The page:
Why Does My Hip Hurt? Deciphering Hip Pain in Athletes
Have you ever wondered what type of injury can sideline an athlete? From knee blowouts to Achilles tendon tears, the lower body plays a huge role in almost every sport imaginable. It should not come as a surprise, then, that hip injuries can be equally devastating.
The hip is a large joint that plays multiple roles as a stabilizer, support system, and prime mover for the body. Because the hip is such a crucial part of everyday movement, let alone athletics, hip pain can significantly diminish your quality of life and sports performance.
To better understand how different injuries cause hip pain, it’s important to have a general idea of the anatomy of the joint. Let’s start with a high-level overview.
Anatomy of the Hip Joint
The hip joint is made up of the long bone of the thigh, aka the femur, and the pelvis. Where the femur meets the pelvis is a protective layer of tissue referred to as the labrum. Not only does the labrum protect the joint by providing cushion, but it’s also a key player in hip stability.
There are quite a few muscle groups that surround the hip joint. The first ones that most people think of are the hamstrings and the quads. The hamstring muscles extend the hip backward and bend the knee, whereas the quads flex the hip forward and straighten out the knee.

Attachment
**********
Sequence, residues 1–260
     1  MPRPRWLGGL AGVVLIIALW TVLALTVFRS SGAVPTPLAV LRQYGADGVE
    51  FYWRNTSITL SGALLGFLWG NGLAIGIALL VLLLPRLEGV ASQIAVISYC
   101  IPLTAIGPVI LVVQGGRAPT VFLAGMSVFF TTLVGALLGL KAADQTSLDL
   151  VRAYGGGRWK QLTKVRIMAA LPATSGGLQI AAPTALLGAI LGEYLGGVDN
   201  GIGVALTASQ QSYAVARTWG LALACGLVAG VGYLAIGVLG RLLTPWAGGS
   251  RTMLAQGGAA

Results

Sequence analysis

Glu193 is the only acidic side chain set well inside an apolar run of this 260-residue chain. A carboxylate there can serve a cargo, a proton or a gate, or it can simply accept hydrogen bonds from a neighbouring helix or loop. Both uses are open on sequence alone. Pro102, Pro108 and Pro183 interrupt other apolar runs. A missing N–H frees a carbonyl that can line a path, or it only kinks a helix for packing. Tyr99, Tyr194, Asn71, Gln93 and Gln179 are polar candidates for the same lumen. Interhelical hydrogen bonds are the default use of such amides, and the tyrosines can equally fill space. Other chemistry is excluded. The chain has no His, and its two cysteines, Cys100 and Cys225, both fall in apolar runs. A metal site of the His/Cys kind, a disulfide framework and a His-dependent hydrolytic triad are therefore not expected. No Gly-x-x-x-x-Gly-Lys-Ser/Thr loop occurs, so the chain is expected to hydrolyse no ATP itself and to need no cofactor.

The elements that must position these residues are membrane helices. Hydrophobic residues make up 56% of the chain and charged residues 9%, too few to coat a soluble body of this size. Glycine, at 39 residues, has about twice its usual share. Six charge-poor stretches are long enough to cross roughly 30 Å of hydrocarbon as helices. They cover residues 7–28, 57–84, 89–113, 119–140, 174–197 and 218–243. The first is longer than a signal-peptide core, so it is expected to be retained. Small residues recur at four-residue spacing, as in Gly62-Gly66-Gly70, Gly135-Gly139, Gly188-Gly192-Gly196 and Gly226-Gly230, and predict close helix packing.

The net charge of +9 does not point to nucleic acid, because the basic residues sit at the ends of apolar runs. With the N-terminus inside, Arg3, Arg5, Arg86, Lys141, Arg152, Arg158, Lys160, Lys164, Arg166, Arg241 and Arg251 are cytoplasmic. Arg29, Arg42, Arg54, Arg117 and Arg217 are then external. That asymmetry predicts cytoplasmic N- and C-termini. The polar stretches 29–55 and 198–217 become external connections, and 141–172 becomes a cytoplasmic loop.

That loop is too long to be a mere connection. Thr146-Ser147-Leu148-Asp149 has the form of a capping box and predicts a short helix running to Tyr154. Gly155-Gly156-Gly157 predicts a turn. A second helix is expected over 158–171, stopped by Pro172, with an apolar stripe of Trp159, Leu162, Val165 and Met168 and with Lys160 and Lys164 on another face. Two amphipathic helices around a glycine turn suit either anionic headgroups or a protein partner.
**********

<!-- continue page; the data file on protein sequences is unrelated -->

Two different muscle groups are responsible for moving the hip in a different plane of motion. The groin muscles are responsible for moving the leg across the body – like you’re kicking a soccer ball. This is known as hip adduction. The glutes extend the hip like the hamstrings, but they are also responsible for hip abduction which occurs by moving the leg out to the side.
As you can see, given all of the components of the hip joint, there are many different players when it comes to hip pain in athletes. So when it comes to a diagnosis, there are a handful of things that could go wrong.
What is the Source of Hip Pain in Athletes?
As far as hip injuries that happen over time, these usually result from improper training and form. Repetition of an incorrect movement is particularly detrimental to an athlete, especially athletes who only play one sport.
Expert tip: Parents, encourage your young athletes to excel in a variety of sports. Not only is this good for skill development and sportsmanship, but it also allows the body to move in different patterns of motion. This is just one of the reasons why early specialization of one sport is usually discouraged in children and adolescents.